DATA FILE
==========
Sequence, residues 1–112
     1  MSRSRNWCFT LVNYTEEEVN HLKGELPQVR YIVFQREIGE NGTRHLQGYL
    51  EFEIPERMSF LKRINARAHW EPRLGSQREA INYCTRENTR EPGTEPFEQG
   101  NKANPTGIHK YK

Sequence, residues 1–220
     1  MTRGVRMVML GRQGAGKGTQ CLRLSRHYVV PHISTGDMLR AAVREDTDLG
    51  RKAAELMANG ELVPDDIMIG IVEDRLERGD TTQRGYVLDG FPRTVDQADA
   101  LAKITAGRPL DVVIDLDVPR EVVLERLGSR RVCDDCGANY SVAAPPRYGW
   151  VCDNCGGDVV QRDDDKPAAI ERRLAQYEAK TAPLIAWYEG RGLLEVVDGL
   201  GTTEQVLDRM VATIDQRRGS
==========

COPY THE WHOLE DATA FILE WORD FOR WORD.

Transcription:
Sequence, residues 1–112
     1  MSRSRNWCFT LVNYTEEEVN HLKGELPQVR YIVFQREIGE NGTRHLQGYL
    51  EFEIPERMSF LKRINARAHW EPRLGSQREA INYCTRENTR EPGTEPFEQG
   101  NKANPTGIHK YK

Sequence, residues 1–220
     1  MTRGVRMVML GRQGAGKGTQ CLRLSRHYVV PHISTGDMLR AAVREDTDLG
    51  RKAAELMANG ELVPDDIMIG IVEDRLERGD TTQRGYVLDG FPRTVDQADA
   101  LAKITAGRPL DVVIDLDVPR EVVLERLGSR RVCDDCGANY SVAAPPRYGW
   151  VCDNCGGDVV QRDDDKPAAI ERRLAQYEAK TAPLIAWYEG RGLLEVVDGL
   201  GTTEQVLDRM VATIDQRRGS